Another way to look at it is to map out a seedy tavern room in terms of Linear, Pointcrawl, and Hexcrawl encounters. As the PCs make their way around the room, they may in effect have to pass through points (a bouncer guarding a backroom, a bodyguard warding folks away from an aristocrat), or they may have linear choices (to the bar or to the long tables?) or they may have a virtual hexcrawl (sit alone at corner table or approach one of five “sites” in the tavern room). I think that even the “freest” designs harbor structures like these, blended together. This occurs even on the scale of individual encounters of monsters in dungeon rooms.

Do you folks see it this way or differently? Curious to learn.


interesting take @lichvanwinkle , I agree with what you said about player choice always being open. However I think as a player that choice within a scenario (for example those that exist within tavern with a goal in mind) is different to choosing from many scenarios (do we ever want to visit any taverns?) for any goal the players come up with.

I think both are perfectly fine ways to play.

Personally I play with players who like to be dropped into a world with moving parts that like to come up with their own specific goals and then decide were to go depending on what them goals are (such as “lets recruit all the best performers in the land and form a travelling circus and make the perfect show for fun” - but then might change or develop the motivation halfway through to “the perfect show will be for the king and he will be assassinated at the end” or whatever). But I enjoy running more linear adventures if I am running a series of sessions that wont be a long campaign.

The charts ken made, it seems to me that the linear model he drew wouldent correspond to anything on the chart I made above. But the multi-choice option would be the same as linear above. Then the open world would include point or hexcrawl.

In terms of the difference between hex and pointcrawl - its not really illustrated above wooops. I think that hex-crawl also has more of a focus on resource management. Because you are looking for points of interest, generally to find treasure. But often you don’t find anything interesting, but each exploration is risky and uses up resources. Even if you find a dungeon or something, it might be too dangerous for your level.There is a lot of decisions to be made in hex-crawls for players. Hexcrawls do not need to necessarily have any sort of narrative focus tieing things together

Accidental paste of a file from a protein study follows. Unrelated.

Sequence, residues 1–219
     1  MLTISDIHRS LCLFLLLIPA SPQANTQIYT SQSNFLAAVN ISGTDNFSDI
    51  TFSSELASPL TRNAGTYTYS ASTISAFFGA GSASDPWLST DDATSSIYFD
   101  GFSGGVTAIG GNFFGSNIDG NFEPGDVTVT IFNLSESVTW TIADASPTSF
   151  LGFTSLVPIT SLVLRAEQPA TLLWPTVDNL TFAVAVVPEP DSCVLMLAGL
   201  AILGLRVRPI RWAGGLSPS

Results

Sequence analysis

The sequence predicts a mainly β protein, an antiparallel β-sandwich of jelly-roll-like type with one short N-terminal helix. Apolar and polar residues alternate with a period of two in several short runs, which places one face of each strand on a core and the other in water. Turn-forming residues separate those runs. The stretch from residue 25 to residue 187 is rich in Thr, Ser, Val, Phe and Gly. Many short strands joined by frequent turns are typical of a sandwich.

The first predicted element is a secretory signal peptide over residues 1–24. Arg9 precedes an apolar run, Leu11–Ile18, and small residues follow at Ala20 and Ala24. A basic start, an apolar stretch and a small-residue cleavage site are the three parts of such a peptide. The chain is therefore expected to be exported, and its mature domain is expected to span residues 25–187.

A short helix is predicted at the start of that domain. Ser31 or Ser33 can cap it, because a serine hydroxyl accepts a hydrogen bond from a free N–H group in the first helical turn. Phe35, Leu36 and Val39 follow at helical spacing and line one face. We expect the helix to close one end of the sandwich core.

Your players can have no quest they are pursuing or mystery they are trying to uncover, or conflict they are resolving. Other than the mystery of “whats out there” and trying to survive. They can kill a monster in its lair, then turn its lair into their house and use that as a base to explore the surrounding area, and create their own goals, for example

I think point crawl is the best method to use if you want to tell some kind of story as a GM but want to also make it to be quite open. It can also just be faster in some instances to write a point crawl if you have a time pressure. Point crawls can also be much more “intense” than hexcrawls, since each location is usually a location of interest which is really connected to other areas. In a hexcrawl you can have areas that don’t have tonnes going on in them, or that are not a necessary component of an adventure.

Which really can make the tone of a hex-crawl feel like a sandbox for you to explore and play in, like a living world that exists with or without you being there as a player.

While point crawls can feel more like as a player you have fallen into this really interesting situation, that has different outcomes but is still limited, and kind of exists to be interesting to you in some senses. thats my take on it anyways, but of course my opinions are totally coming from my experiences playing them and maybe its different for other people.

My experience with linear feels much more like the players are the main characters in a TV show, and the world and scenario exists to serve that narrative or story. Which is great too, I feel this is what loads of old TSR modules are like and are so much fun to play. They definitely focus the choices more in the specific situations presented like you talk about above.


Yeah, Lazy Litch, I hear what you are saying and it all makes sense. Thanks for clarifying the distinctions you are interested in.

I’d add even a few more. I’ve had player groups that build characters with a mission. They effectively impose their own point crawl. A “living setting” responds to them by becoming more like a point crawl. They want to be in a TV show. I wonder whether your ideal sandbox becomes like a pointcrawl when the players make decisions on what to do. Then you, as GM, allow your attention to zoom in on areas that you develop mentally to respond to their choices.

I’ve had players wandering in a sandbox declare, “This is pointless! Let’s go do something!” and they form their own quest. The world responds to their decisions and my narrative gets organized around their choices. Suddenly it’s more like your pointcrawl.

In the end I guess it comes down to the relationships between players and Referee, which unfold in play–or are well-established with old player groups, who know how to work together.